Does the temperature of a football (or baseball, soccer ball, etc) affect how far it will travel when kicked/hit?

Asked by: Drew Klipp


Temperature can affect a couple of different variables in a ball to alter the distance it will travel from an impact. For inflated balls, the temperature can change the air pressure inside the ball giving an over inflated effect if it was warmed, or and under inflated effect if it was cold. (Have you ever tried dribbling a basketball without enough air in it?) The amount of air pressure then is directly proportional to the temperature of the air inside.

For solid core balls, like baseballs, golf balls etc… temperature has a similar effect on the ball but the mechanics are a bit different. Here the characteristics of the material inside the ball are responsible for the bounciness of the ball.

A ball’s bounciness is dependent on the elasticity of its constructed materials. The property of elasticity allows the ball to retain kinetic energy during a collision by having the ability to flex without breaking and then return to its original shape. This measure of a material’s elasticity is called its coefficient of restitution.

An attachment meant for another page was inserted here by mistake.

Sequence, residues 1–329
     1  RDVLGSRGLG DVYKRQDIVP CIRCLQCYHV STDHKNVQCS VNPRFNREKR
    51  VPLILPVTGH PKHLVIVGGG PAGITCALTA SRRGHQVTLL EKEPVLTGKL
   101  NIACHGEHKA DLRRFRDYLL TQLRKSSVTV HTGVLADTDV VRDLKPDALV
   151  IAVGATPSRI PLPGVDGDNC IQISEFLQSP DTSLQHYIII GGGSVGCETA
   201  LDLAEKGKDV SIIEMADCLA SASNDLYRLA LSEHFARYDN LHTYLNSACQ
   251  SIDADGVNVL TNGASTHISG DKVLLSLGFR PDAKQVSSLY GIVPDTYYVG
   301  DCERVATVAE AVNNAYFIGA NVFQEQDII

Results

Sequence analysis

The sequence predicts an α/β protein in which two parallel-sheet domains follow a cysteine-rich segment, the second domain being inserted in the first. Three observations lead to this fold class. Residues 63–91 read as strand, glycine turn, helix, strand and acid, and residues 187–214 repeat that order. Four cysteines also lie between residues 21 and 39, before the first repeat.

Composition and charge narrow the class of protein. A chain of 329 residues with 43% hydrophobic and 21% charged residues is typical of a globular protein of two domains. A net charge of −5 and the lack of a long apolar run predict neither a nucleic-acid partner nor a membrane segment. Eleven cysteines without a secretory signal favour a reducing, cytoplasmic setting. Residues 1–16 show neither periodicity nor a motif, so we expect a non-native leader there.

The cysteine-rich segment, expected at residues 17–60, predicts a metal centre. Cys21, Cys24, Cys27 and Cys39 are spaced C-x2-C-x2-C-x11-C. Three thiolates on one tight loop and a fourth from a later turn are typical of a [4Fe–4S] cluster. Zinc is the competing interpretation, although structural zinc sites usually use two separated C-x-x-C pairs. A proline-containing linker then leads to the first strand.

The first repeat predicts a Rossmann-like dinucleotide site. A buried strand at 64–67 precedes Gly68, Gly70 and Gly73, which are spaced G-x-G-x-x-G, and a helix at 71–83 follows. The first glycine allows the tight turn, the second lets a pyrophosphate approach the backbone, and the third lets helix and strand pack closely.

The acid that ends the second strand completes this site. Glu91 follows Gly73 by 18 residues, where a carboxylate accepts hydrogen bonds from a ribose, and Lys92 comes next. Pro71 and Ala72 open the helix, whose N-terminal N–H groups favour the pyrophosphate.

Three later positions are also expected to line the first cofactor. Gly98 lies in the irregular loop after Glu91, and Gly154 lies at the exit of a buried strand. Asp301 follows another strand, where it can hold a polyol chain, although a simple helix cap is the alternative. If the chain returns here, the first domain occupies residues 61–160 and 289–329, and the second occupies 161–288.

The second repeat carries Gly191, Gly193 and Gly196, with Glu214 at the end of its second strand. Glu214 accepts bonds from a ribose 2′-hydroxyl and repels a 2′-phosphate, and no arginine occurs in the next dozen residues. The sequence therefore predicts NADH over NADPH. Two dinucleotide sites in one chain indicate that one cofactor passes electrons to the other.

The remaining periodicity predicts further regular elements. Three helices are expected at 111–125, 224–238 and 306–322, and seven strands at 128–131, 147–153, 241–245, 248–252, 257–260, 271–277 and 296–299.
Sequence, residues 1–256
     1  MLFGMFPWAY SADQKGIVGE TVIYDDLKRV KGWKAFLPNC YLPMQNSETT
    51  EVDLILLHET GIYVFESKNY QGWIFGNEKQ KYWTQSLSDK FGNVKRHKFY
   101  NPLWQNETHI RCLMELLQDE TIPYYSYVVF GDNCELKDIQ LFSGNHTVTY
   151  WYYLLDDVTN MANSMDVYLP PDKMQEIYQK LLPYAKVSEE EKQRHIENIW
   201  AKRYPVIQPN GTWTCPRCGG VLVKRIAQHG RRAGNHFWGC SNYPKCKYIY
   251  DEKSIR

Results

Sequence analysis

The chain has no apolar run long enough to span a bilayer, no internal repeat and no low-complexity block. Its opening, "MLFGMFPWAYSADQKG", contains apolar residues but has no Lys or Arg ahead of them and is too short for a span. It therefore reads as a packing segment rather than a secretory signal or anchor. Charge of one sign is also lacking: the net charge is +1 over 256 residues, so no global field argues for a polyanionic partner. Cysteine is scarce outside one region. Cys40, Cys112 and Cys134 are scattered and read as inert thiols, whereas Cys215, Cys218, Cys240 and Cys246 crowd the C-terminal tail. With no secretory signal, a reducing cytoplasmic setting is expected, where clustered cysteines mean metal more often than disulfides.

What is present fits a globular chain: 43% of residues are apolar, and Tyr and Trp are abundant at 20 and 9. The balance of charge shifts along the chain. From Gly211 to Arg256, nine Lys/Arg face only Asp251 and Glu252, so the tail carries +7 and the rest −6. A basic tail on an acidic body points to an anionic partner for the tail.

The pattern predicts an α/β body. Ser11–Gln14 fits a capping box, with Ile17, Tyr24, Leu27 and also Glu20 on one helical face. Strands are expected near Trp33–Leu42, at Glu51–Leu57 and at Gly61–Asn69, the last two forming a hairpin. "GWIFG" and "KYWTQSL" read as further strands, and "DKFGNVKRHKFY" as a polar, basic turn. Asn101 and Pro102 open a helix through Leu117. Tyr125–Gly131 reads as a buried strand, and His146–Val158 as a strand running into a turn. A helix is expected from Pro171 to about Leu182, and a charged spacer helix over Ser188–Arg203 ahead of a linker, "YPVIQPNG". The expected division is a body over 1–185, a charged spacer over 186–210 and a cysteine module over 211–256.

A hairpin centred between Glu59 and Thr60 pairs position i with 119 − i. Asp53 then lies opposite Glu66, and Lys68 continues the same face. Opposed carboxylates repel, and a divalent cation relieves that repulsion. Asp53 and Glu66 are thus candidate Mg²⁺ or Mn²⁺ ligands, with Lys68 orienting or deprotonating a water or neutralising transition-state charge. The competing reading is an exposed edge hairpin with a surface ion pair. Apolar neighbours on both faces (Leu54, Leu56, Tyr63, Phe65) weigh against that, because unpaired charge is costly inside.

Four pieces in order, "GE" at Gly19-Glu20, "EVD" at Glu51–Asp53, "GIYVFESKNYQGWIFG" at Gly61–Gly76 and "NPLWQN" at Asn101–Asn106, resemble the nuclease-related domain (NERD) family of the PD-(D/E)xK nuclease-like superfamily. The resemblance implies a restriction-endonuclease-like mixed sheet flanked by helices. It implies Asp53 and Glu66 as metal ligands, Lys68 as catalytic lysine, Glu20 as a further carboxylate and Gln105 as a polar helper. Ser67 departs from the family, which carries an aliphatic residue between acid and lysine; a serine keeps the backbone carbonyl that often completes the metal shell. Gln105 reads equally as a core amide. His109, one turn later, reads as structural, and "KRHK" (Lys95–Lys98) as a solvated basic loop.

An object with a low coefficient of restitution will lose a great deal of its kinetic energy in a collision through breaking or deforming, or through the generation of sound or heat. Compare the kinetic energy transmission through steel balls suspended on strings as they bounce back and forth in an example of a high coefficient of restitution. Now consider a lump of clay or a piece of glass in a collision, both materials having very low restitutional values – they simply do not transfer energy well because they are not as elastic.

How does all this tie back into the temperature of materials? Temperature can also affect elasticity – the colder a material gets, the less elastic it can be. Under cold conditions, the material can actually become more of an 'energy sink' – absorbing energy rather than transferring it.

Both inflated and solid core balls rely on the principle of coefficient of restitution. A warmed, (over inflated) ball is more elastic than a cold, (under inflated) ball just as a solid core ball that is warm has more elasticity than an identical ball that is cold.

Answered by: Stephen Portz, Technology Teacher, Space Coast Middle School, FL



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